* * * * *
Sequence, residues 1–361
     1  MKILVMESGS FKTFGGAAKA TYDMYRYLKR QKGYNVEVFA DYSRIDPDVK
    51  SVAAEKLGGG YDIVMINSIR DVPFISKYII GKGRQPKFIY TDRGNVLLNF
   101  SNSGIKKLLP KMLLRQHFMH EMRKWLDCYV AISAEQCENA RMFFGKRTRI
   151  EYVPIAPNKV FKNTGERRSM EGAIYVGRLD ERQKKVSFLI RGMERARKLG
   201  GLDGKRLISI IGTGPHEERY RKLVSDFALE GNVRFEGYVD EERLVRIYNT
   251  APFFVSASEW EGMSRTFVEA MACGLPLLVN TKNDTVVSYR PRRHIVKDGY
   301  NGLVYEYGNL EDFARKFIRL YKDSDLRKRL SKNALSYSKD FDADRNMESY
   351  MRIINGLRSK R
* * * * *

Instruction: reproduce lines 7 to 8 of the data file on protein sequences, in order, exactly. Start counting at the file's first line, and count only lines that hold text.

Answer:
   251  APFFVSASEW EGMSRTFVEA MACGLPLLVN TKNDTVVSYR PRRHIVKDGY
   301  NGLVYEYGNL EDFARKFIRL YKDSDLRKRL SKNALSYSKD FDADRNMESY